Entry is free but for just 2.50 euro you can visit the ambulatory and crypt to see ancient relics and treasures.
Having spent most of the day on our feet, we took time out for a short rest and a cool drink before we made our way to Allee Jean Jaures.
One thing I enjoy doing in a new city is taking a city tour as it gives me a great overview of the city and takes me past places that I might not otherwise visit.
At 6pm we boarded the open-topped Citytour Toulouse bus for a 75-minute tour of the city. Commentary was provided in English (and seven other languages) via headphones and although the tour took us past some of the sites we had visited earlier in the day, it was still worthwhile as we picked up plenty of interesting facts.
The Citytour starts and finishes at Place d’Amenie on Allee Jean Jaures. Click here to check prices and buy tickets.
After finishing our Citytour, it was just a short walk to Place Wilson, another lively square with plenty of dining options. Although it was a Monday night, the area was buzzing with people and had a very festive atmosphere.
We enjoyed a lovely dinner outdoors at a typically French bistro before meandering back to our hotel around 10.30pm.
After a long, but very enjoyable day visiting many of Toulouse’s main attractions, it was time for bed.
More things to do in Toulouse
The sights listed above give you a great overview of Toulouse in one day but if you have more time, there’s lots more on offer. Find more things to do in Toulouse here and see my suggestions below.
For the best views over the rooftops of Toulouse, head to Galeries Lafayette. A panoramic terrace on the 6th floor offers great views of the Pink City. (Unfortunately the terrace was closed for renovations when I visited.)
Churches and Museums
In addition to the ones mentioned above, Toulouse is home to several other churches of interest. The somewhat austere exterior of Couvent des Jacobins is in total contrast to the light interior. Inside the Gothic church, the 22 ribs of a palm tree-shaped vault stretch upwards. (Small entry fee applies.)
Two others worth visiting are the Saint-Etienne Cathedral which was built over five centuries from the 13th-century, and the Carmelite Chapel, home to some exquisite 17th-century painted murals. (Free entry to both.)
There are over 20 museums in Toulouse including the National History Museum, Les Abattoirs (a former abattoirs which now houses modern and contemporary artworks), and Cite de l’espace, a space museum dedicated to all things aeronautical.
River and Canal Cruises
An enjoyable and relaxing way to see the city and surrounds from another perspective is from the water. Cruises on the UNESCO World Heritage-listed Canal du Midi are available from March to June, and cruises on both the River Garonne and Canal de Brienne operate from June to October.
No visit to France is complete without a trip to the local market and Toulouse’s Marche couvert Victor Hugo (covered market) is a fine example. With over 100 stalls selling everything from fish to fruit and vegetables to cakes and pastries, a visit will definitely overload your senses.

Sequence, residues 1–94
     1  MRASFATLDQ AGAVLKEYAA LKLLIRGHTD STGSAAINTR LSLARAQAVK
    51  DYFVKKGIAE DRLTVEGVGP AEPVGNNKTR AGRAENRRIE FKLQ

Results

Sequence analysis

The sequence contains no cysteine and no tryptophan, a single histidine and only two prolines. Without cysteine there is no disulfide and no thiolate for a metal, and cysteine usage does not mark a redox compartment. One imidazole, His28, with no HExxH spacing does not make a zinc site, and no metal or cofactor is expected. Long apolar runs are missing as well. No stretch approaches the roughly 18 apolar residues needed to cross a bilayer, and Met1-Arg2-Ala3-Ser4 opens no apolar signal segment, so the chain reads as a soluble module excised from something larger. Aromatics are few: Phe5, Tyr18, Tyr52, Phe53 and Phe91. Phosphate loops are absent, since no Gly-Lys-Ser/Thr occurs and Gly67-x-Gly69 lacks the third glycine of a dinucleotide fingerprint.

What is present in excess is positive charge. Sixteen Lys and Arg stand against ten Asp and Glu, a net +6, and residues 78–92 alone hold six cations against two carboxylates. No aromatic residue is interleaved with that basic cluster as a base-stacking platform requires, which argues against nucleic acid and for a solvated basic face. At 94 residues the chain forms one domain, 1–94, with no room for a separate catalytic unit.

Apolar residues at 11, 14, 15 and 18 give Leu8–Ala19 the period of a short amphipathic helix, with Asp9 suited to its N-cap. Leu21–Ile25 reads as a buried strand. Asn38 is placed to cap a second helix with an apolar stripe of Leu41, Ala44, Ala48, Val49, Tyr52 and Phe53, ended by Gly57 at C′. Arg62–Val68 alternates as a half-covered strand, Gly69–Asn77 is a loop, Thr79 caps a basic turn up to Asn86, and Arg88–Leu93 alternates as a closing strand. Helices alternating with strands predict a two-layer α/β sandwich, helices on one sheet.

On the bottom floor of the market hall over 100 merchants sell their produce whilst the top floor is home to numerous restaurants serving meals from the produce sold below.
The market is open every day except Monday from 6am to 2pm.
Parks and Gardens
There is plenty of green space to be found in Toulouse and these make an ideal place to escape from the hustle and bustle of city life. The Jardin des Plantes is a seven hectare park with a 200 year old sculpted garden, and the smaller Jardin Japonais (Japanese Gardens) feature a pond and pagoda.
Day trips from Toulouse
If you’d like to get out of the city, Carcassonne, the Fronton vineyards, Albi and the beautiful villages of the Tarn and Tarn-et-Garonne departments (including Cordes sur Ciel), are all within easy reach.
Getting around Toulouse
The best way to get around Toulouse is on foot. All of the places I visited in my one-day itinerary mentioned are within close proximity to Place du Capitole.
Public transport is available to reach Cite de l’espace, the airport and the city’s outskirts.
Where to stay in Toulouse
For something a bit more central (and upmarket), I would consider the Crowne Plaza Capitole, located in Place du Capitole. Click here for current prices
Getting to Toulouse
Toulouse is situated in south west France, 680 km south of Paris and 400 km north of Barcelona. Driving times are approximately six and a half hours from Paris and four hours from Barcelona.
Flights from all over Europe service Toulouse Blagnac Airport.
The Paris to Toulouse train journey (numerous services per day) takes around four and a half hours.
There are numerous daily services on the Toulouse to Barcelona train line, with a journey time of around four hours (one connection required).
Toulouse is also connected to many other destinations in France by frequent rail services.
Still need more info about Toulouse? Visit the city’s official tourism website here.